TV - True Detective Season 1, Episode 1

True Detective

The new US police drama with the stellar Hollywood cast gets a viewing by our own investigative burn out, Steve Taylor-Bryant...

True Detective is not your normal Police drama. This isn't watered down like CSI and whilst it is dark and grim in taste and tone it is not Hannibal either. What it is can be hard to explain but bear with me if you don't understand that I call it a visual novel.

Most shows both from the US and the UK now have a similar structure. You have a showrunner/Executive Producer, a team of writers and various directors and, with many shows, sometimes the feed can be lost episode to episode due to the different visions of the team involved.

True Detective is written by one man, Nic Pozzolatto, and directed by one man, Cary Fukunaga, so the entire eight episode run will be driven by the one shared vision. Pizzolatto is an author of some repute, a lecturer of fiction and literature and a native of the Louisiana that True Detective is set in, hence why the show is more novel like than TV normality. The problem is when you have something this well written, whether you are a novice Executive or someone steeped in Television, you need a cast that carry the story to fruition.

Enter Hollywood heavyweights Matthew McConaughey and Woody Harrelson, a duo I have been so excited to see together in a project like this. Harrelson carries off the strange and the damaged so well that his casting as the relatively normal family man Martin Hart threw me from the start. McConaughey, whose star is rising recently, plays the damaged one this time with his almost psychotic portrayal of Rust Cohle. Cohle spouts philosophy and harbours a darkness deep inside him driven by grief.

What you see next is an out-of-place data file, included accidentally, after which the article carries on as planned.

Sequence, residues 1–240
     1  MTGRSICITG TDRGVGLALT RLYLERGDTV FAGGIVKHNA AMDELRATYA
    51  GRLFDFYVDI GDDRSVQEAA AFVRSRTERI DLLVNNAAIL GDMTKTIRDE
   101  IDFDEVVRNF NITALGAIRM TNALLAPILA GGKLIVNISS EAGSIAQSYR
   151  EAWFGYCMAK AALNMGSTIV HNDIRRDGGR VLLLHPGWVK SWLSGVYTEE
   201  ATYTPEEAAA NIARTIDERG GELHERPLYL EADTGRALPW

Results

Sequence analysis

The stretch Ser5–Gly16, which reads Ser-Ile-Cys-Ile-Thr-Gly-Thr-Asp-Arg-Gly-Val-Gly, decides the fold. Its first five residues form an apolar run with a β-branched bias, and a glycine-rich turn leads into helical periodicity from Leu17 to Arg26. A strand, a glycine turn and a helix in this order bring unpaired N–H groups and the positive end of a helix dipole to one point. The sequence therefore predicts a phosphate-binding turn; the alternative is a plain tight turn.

In 1995, on their first case together, Cohle and Hart investigate and rightly think they have solved the murder of Dora Lang but in the present day and long after their retirement from the force the pair are questioned about the investigation and the methods used when the Dora Lang case is reopened.

True Detective flicks from scenes of the pair of Louisiana Policemen in the 1990's, going about the investigation and building their relationship as new partners, and the interview room nowadays. The dual setting works really well and immediately you are drawn to Cohle as a fascinating character and the certain tension developing between the men is a great watch. It is McConaughey that steals the episode though in the modern setting of the interview room. The dishevelled, unstable Cohle of the modern era is difficult, dark and very hard to read and McConaughey pulls off a damn fine performance that maybe a few years ago no one would have thought him capable of. That doesn't mean that Harrelson doesn't impress though. The chemistry between the two actors and the combined talent each offers brings performances from both. Perhaps in the relative normality of Hart, Harrelson is proving more talented as he won't usually play a role so understated.

There is more to come from True Detective, this is only chapter one and may indeed be a slow burner, but get into it now before it explodes. Not very often is television this brilliant.

Image - IMDb.